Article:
setting up pond on yosemite

This is about Pond. If you have no idea what that is but don't want to click on the link, I shall quote directly;

Pond is not email. Pond is forward secure, asynchronous messaging for the discerning. Pond messages are asynchronous, but are not a record; they expire automatically a week after they are received. Pond seeks to prevent leaking traffic information against everyone except a global passive attacker.

If that seems interesting, go back and click on the link. Otherwise get out while you still can.

My goal here is to get Pond running. I unfortunately don't have any Pond secrets to hand right now, so testing its messaging functionality will have to come later. The instructions on the main Pond page for OSX are fairly good, so this is just a slight elaboration/modification on those. This is going to look longer than it should because I haven't solved formatting code snippets on this blog yet.


I'm using a ~2012 Macbook Pro 13inch Retina blah blah, running OSX Yosemite (version 10.10.1). It's a fairly recent install, so I haven't had time to ruin everything yet. That said, I have Tor Browser installed and running. Obviously.


GUI is b0rked, CLI seems to work. From the site, for a CLI-version:

> brew install go
> export GOPATH=$HOME/gopkg
> export PATH=$PATH:$GOPATH/bin
> go get -tags nogui
> alias pond="$GOPATH/bin/client"

But now for how I spent my Friday evening:



> brew install go

Painless success, version: go1.4.1 darwin/amd64. Then make a folder for Go packages,

> mkdir $HOME/gopkg

Export some environment variables to keep Go happy, (I also added these to my .bash_profile)

> export GOPATH=$HOME/gopkg
> export PATH=$PATH:$GOPATH/bin

One more for good measure,

> export PKG_CONFIG_PATH=/opt/X11/lib/pkgconfig:/usr/local/lib/pkgconfig:$PKG_CONFIG_PATH


(These other dependencies are probably a bit pointless until I figure out how to get the GUI to reliably work, but for the sake of completeness they are here.)

> brew install gtk+3

It complains that it needs XQuartz 2.5, so that is resolved (as it suggests) with

> brew install Caskroom/cask/xquartz


> brew install gtkspell3

This installed a whole pile of dependencies (including, concerningly, Python: the number of Pythons I have installed grows by the day), and my laptop crashed shortly after they finished, but I think that was random.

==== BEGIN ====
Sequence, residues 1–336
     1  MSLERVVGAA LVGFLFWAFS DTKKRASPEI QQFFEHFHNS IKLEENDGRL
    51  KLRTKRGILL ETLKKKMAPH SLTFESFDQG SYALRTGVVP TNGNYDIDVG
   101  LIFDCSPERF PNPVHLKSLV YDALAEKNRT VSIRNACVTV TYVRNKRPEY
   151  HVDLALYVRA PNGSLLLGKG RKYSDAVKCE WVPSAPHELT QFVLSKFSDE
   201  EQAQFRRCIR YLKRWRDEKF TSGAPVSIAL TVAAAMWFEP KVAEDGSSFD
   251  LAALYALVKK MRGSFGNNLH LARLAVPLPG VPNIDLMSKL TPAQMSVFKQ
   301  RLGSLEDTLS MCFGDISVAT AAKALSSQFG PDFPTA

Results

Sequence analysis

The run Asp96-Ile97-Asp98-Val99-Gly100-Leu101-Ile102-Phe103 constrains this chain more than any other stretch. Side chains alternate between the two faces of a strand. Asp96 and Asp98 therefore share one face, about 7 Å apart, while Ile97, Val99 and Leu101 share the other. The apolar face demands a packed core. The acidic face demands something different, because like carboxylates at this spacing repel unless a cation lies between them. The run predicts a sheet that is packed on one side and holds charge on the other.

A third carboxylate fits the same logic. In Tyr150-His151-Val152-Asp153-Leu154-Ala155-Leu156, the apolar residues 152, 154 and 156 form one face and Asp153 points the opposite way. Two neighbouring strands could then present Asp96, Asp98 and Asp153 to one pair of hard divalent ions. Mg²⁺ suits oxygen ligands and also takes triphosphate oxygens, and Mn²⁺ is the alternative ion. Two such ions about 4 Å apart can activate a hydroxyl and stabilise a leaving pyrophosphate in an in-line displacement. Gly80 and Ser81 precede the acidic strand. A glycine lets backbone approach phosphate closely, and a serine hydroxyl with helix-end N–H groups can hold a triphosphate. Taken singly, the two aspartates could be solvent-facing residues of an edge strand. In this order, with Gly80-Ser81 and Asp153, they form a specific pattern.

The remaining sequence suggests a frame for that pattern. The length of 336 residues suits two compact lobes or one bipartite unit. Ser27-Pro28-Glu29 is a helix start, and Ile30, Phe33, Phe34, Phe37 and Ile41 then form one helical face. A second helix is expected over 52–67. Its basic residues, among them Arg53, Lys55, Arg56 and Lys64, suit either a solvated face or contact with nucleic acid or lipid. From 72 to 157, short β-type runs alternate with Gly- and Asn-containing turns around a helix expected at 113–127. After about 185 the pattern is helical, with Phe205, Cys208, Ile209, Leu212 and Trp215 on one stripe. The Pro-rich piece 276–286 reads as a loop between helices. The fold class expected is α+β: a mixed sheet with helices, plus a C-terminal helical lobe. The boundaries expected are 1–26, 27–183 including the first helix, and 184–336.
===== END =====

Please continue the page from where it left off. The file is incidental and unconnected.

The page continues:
> brew install mercurial


> go get

It produces lots of warnings, but seemingly no errors. And who reads warnings? Since it's already in my path (see above), running it is simply (I think this could do with being more descriptive):

> client

Disaster strikes.

>Dynamic session lookup supported but failed: launchd did not provide a socket path, verify that org.freedesktop.dbus-session.plist is loaded!


>(<unknown>:917): GdkPixbuf-WARNING **: Cannot open pixbuf loader module file '[$GOPATH]/bin/../lib/gdk-pixbuf-2.0/2.10.0/loaders.cache': No such file or directory

>This likely means that your installation is broken.
>Try running the command gdk-pixbuf-query-loaders > [$GOPATH]/bin/../lib/gdk-pixbuf-2.0/2.10.0/loaders.cache to make things work again for the time being.

(I'm using rectangular brackets to denote that I manually replaced its output with the logical meaning, so you don't have to look at my home directory path :)


First problem is where in the hell is org.freedesktop.dbus-session.plist?

(it's not in in /Library/LaunchAgents or /Library/LaunchDaemons, or ~/Library/LaunchAgents)

The answer, if you brew reinstall dbus to find out (or use some other kind of sorcery) is:

To have launchd start d-bus at login:

ln -sfv /usr/local/opt/d-bus/*.plist ~/Library/LaunchAgents

That's where it is.

Then to load d-bus now:

launchctl load ~/Library/LaunchAgents/org.freedesktop.dbus-session.plist


So the folder it's expecting (lib/gdk-pixbuf...) is certainly not found at [$GOPATH]/bin/..., since that's just $GOPATH.

By running gdk-pixbuf-query-loaders I can see it's probably expecting this path or something:


Which would only be appropriate if $GOPATH=/usr/local/Cellar/gdk-pixbuf/2.31.2/, which it is not by construction. I can get around this as it suggests by creating a bunch of empty folders and then running

> gdk-pixbuf-query-loaders > $GOPATH/lib/gdk-pixbuf-2.0/2.10.0/loaders.cache

Which gets rid of the warnings. Now when I run

> client

I get no (immediate) errors! Success! Maybe!


Empowered by the graphics, I set a password and create an account on the default server.

. . . and it panics. That is to say, the GUI vanishes (although X11 is still running) and I get a lot of errors. Not only that, but now if I try to run it again,

> client
    Jan 30 23:46:58: Fatal error: state file is too small to be valid


Maybe I just need the gentle embrace of the command line?

> client -cli=true

>>> Pond...
>>> >>> state file is too small to be valid

Abort, abort!

> rm $HOME/.pond
> client -cli=true

And now, everything is beautiful and nothing hurts.